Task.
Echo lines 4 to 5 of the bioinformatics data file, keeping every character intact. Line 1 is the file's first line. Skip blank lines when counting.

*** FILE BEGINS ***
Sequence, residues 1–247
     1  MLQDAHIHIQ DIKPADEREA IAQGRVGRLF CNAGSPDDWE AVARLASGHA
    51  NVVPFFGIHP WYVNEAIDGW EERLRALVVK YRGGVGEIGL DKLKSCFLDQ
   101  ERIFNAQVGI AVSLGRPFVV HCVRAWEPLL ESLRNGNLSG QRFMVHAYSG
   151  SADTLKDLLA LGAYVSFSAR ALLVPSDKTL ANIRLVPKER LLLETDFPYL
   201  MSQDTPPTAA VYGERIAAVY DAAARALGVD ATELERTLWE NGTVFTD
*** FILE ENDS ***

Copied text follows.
   101  ERIFNAQVGI AVSLGRPFVV HCVRAWEPLL ESLRNGNLSG QRFMVHAYSG
   151  SADTLKDLLA LGAYVSFSAR ALLVPSDKTL ANIRLVPKER LLLETDFPYL